Winter Driving Safety Tips: Snow Driving and Ice Driving

Snow driving and ice driving are the two road conditions that drivers tend to be most uncomfortable with. Weather changes can happen quickly, even on a short trip, increasing the risks faced by drivers and all the cars on the road. Driving in winter can be made easier, though, by taking a few precautions with the vehicle and driving style.

Here are some tips for winter driving safety

Preparing the Vehicle for Driving in Winter

Before tips for driving even come into play, the vehicle should be ready for winter road conditions and prepared in case a collision happens. Here’s how to get a vehicle safe for winter driving.

  • Get a maintenance check-up early in the winter season to ensure the car is mechanically ready to handle any weather.
  • Whenever heading out, make sure that the gas tank is at least half full.
  • The front and rear windshields should have a full supply of windshield washer fluid, and spare fluid should be stored in the trunk.
  • Remember to use winter tires or studded tires, and carry snow tire chains, just in case.
  • Ensure all of the vehicle’s outside lights have bulbs that work.
  • Clear the vehicle of snow and dirt, double-checking the windows, mirrors and license plate.
  • Prepare a car emergency kit and keep it in the trunk at all times.

Once the car is ready to take on winter roads, the driver just needs to be prepared to adjust his driving style.

Snow Driving Tips

The Ontario Ministry of Transportation recommends three basic rules for winter driving safety: slow down, stay alert, and stay in control. Here are some tips for snow driving.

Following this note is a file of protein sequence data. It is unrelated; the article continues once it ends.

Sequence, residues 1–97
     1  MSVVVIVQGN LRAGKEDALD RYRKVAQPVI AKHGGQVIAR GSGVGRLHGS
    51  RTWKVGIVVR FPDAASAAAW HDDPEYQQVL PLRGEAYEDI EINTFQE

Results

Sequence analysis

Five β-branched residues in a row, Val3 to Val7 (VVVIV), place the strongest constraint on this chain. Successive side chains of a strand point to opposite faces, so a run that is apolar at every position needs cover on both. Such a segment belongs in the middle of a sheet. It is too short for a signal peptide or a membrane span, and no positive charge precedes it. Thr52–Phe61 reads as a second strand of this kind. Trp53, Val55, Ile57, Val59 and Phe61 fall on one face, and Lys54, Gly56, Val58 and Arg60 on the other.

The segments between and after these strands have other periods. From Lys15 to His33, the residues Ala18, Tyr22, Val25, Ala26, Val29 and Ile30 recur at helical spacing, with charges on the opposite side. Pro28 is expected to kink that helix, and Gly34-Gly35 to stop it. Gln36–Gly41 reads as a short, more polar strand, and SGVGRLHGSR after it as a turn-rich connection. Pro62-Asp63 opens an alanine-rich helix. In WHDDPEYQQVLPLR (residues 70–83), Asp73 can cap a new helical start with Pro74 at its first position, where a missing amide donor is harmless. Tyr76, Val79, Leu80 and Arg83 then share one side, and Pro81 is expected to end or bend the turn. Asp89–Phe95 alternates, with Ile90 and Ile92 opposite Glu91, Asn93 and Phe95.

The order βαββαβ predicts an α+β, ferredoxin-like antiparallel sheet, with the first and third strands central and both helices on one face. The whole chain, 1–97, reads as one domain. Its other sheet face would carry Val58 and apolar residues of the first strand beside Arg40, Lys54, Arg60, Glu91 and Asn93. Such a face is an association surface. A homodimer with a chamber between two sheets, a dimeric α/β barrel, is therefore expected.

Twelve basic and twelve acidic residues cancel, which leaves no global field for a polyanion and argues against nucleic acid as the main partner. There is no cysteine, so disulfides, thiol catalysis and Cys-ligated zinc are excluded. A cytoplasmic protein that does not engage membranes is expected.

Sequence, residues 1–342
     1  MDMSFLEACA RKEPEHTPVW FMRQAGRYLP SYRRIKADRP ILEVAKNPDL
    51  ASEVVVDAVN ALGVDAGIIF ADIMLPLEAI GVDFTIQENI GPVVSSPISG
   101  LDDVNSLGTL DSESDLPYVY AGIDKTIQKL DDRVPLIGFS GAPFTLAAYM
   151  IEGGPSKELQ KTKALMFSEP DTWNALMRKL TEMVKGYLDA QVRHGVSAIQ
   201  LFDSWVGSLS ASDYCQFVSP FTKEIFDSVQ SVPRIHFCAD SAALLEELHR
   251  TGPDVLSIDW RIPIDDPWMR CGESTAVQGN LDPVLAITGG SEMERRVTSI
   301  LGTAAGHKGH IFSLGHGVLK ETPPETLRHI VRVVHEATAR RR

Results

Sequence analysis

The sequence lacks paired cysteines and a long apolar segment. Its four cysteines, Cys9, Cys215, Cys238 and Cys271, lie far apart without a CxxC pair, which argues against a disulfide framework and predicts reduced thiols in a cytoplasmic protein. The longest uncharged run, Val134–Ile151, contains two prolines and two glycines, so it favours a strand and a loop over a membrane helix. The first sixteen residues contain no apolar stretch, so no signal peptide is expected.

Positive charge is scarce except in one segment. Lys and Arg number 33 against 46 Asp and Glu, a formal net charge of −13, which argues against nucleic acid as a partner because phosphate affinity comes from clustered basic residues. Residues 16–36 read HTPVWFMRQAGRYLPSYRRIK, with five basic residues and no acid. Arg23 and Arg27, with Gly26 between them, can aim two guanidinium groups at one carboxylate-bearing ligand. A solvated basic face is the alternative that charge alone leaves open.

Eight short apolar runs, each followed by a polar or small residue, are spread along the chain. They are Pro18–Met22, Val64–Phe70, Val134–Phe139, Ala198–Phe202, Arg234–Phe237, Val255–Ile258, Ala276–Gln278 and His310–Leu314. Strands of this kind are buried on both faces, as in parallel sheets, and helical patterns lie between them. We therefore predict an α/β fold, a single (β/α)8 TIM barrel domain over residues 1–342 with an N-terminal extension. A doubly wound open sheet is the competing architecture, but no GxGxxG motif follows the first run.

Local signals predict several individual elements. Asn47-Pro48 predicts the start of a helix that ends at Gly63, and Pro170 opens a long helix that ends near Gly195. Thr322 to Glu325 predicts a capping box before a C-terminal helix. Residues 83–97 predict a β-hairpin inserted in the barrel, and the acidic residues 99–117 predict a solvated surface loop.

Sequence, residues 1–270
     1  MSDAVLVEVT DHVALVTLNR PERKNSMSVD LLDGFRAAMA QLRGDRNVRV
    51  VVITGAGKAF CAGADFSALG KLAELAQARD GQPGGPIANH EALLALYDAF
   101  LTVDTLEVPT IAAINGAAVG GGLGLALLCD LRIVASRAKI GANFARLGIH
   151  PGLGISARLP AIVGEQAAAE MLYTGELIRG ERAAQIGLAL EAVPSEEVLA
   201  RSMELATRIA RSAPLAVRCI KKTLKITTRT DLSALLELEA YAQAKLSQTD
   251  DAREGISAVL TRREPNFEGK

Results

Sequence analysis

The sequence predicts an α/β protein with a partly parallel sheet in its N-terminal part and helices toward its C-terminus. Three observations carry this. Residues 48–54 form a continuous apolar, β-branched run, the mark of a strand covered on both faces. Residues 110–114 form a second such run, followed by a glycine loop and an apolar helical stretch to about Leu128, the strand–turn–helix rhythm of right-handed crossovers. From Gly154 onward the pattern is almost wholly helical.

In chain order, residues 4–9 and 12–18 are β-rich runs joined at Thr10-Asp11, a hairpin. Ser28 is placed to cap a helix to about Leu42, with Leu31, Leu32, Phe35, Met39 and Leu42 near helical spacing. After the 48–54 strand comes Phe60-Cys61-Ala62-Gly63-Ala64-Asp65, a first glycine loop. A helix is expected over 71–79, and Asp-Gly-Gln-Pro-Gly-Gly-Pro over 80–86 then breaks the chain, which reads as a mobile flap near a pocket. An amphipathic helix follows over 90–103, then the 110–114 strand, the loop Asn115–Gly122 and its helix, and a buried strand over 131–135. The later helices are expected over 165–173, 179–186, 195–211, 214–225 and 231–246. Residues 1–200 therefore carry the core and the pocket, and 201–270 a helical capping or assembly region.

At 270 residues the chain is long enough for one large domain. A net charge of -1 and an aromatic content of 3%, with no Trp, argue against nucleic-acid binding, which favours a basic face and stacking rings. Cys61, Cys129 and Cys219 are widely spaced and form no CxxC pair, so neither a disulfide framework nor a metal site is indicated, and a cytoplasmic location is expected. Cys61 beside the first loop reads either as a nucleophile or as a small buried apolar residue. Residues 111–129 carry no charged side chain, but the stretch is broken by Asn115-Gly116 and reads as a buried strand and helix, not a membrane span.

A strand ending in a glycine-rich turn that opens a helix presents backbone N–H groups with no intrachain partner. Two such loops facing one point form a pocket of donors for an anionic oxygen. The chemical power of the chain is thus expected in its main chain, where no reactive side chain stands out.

• Favorable road conditions call for drivers to follow the two-second rule, marking their distance behind the vehicle ahead by two seconds. In winter, drivers should keep at least four seconds between their vehicle and the one ahead.
  • Slow down much earlier than what’s required for a dry, clear road.
  • Accelerate slowly, too.
  • Avoid sudden braking, turning the wheel, or acceleration.
  • Slow down for corners well before the road starts to turn.
  • Don’t use cruise control.

Winter drivers should also stay on well-traveled roads, and check the road conditions before heading out on even a short journey.

Ice Driving Tips

Remember that ice can be invisible on roads, so if the weather is cold enough for it, assume it’s there. Overpasses, bridges, and areas in the shade are more likely to be covered in ice, so be especially careful when driving through them. Follow the same guidelines for snow driving.

If the car skids, the driver should look in the direction he/she wants the car to go, and then steer that way. This is also known as “driving into the skid.” When skidding on ice on a straight road, shift to neutral or push in the clutch.

Winter driving safety can’t be guaranteed, but preparing the vehicle and remembering the rules for snow driving and ice driving can help keep all cars on the road safe.


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